Making an impact: After 20 years Progressive Arts Alliance is now Arts Impact

For nearly 20 years, the organization known as Progressive Arts Alliance has been working with students in Cleveland area schools, nonprofit groups, and community organizations to integrate the arts into learning the ABCs and other academic basics.

Now the organization wants the entire region to feel its impact on arts education and its role in Northeast Ohio schools.

Since 2002 Arts Impact has served more than 35,000 students in Northeast Ohio, helping them to develop into creative thinkers, lifelong learners, and problem solvers.Now, on eve of its 20th anniversary, Progressive Arts Alliance has become Arts Impact—bringing learning to life through art using arts integration, social and emotional learning, STEAM concepts, and arts enrichment to help students grasp a complete picture in their learning.

In 2022 Arts Impact will celebrate 20 years of arts integration in Northeast Ohio. Part of the celebration includes the name change, with officials announced in late October to better reflect what they do.

Arts Impact recently completed a strategic plan that outlines its goals for the next three years. Officials say the name change is just the beginning of an effort to increase student engagement, demonstrate the impact of the organization’s work, and strengthen it by emphasizing its commitment to racial equity.

“We work with students in Cleveland using art to try and improve academic performance and we use art to try and help students grow—both academically and personally,” explains Arts Impact executive director Rick Grahovac. “The impact of what we do is really more of the focus, and we just felt [the name] Arts Impact better reflects the work that we do every day.”

Founded in 2002, Arts Impact works with Cleveland Metropolitan School District (CMSD) and other schools; and community organizations like Open Doors AcademyYouth Challenge, Cuyahoga County Public Library, Bellaire Puritas Development Organization, and Esperanza, to bring artist educators in to execute custom-designed arts programming that complements the academic work students are doing.





Known as residencies, the artists usually come into the schools or organizations for five to 10 sessions focused on the academic material the kids are learning.

“For instance, if kindergarteners are studying the lifecycle of butterflies, maybe a dance instructor will also be focusing on the lifecycle of the butterfly through dance,” explains Arts Impact development and marketing director Susie Bauer. “The kids are doing work on [butterflies] when we're not there, but then they're also extending and learning through the arts when we are there.”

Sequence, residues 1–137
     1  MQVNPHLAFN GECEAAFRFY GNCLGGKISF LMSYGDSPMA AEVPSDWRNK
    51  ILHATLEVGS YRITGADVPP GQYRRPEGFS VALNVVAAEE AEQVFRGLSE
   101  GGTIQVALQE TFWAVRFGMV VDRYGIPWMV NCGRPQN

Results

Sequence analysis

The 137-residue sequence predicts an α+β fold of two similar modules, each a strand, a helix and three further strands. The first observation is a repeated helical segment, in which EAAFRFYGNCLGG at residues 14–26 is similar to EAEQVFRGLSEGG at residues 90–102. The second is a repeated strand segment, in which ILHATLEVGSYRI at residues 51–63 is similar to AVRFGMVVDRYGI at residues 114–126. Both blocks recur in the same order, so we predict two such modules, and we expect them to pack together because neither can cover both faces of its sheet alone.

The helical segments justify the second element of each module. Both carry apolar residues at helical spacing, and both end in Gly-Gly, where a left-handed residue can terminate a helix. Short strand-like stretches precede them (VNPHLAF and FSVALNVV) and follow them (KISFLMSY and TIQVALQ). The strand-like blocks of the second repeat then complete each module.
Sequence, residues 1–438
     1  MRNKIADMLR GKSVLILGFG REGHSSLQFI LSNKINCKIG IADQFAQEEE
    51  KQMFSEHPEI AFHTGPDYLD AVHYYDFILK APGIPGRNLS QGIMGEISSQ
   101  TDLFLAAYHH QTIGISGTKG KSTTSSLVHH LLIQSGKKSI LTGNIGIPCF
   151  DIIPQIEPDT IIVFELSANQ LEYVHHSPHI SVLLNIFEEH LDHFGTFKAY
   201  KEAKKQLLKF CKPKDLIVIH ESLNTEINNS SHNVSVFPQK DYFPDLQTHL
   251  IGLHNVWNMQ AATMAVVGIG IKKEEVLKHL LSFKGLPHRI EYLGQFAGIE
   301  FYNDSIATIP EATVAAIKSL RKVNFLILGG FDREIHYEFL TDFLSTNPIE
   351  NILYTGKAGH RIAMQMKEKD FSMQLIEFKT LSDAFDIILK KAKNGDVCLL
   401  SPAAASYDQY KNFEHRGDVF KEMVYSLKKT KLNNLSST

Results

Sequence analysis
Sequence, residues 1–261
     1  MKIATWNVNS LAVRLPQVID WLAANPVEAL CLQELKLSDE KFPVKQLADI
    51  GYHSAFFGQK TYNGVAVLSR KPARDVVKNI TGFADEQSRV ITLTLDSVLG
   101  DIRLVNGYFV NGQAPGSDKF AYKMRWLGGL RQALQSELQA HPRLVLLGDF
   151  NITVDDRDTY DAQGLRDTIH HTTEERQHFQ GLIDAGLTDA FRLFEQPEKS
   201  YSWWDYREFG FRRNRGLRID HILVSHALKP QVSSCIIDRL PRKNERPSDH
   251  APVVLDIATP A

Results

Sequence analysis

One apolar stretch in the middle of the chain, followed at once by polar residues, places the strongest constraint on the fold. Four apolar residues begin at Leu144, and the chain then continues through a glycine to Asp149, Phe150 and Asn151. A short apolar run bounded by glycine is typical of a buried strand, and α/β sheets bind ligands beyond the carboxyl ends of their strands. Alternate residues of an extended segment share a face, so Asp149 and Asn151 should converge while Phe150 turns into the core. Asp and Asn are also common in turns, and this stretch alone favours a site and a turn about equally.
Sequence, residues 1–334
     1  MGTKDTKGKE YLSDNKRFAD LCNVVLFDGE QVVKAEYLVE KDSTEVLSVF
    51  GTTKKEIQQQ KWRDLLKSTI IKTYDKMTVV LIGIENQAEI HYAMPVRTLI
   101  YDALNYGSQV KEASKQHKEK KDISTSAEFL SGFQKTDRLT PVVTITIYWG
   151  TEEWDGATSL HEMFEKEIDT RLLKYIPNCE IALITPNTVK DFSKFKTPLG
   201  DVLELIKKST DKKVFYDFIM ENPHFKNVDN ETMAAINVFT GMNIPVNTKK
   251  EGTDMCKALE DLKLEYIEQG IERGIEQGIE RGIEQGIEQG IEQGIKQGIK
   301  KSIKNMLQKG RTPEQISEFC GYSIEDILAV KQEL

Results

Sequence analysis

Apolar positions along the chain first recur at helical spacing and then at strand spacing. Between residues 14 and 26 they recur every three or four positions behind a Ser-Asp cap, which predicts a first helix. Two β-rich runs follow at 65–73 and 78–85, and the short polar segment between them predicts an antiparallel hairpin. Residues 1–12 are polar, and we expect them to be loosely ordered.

Since 2002 Arts Impact has served more than 35,000 students in Northeast Ohio, helping them to develop into creative thinkers, lifelong learners, and problem solvers.

While Arts Impact works exclusively with schools and community organizations, Bauer says they have many partners and connections to artists and can help parents find the right programs for their children.

“We do have a lot of partners, so we can point them in the right direction,” she says.

During the recent strategic planning process, Arts Impact staff identified three goals as the organization moves into its next 20 years:
  • Increase student engagement through intensive partnerships with target schools and new program development.
  • Demonstrate the impact of its work by revamping evaluation tools and engaging in research. 
  • Strengthen the organization by emphasizing its commitment to racial equity. This commitment includes examining the curriculum through a racial equity lens; training for the team; and board and staff recruitment, hiring, and retention efforts. 
As 2022 approaches, Grahovac and Bauer say they are also making big plans—aside from the name change—to celebrate 20 years of integrating the arts into the education of Northeast Ohio young people.

Read more articles by Karin Connelly Rice.

Karin Connelly Rice enjoys telling people's stories, whether it's a promising startup or a life's passion. Over the past 20 years she has reported on the local business community for publications such as Inside Business and Cleveland Magazine. She was editor of the Rocky River/Lakewood edition of In the Neighborhood and was a reporter and photographer for the Amherst News-Times. At Fresh Water she enjoys telling the stories of Clevelanders who are shaping and embracing the business and research climate in Cleveland.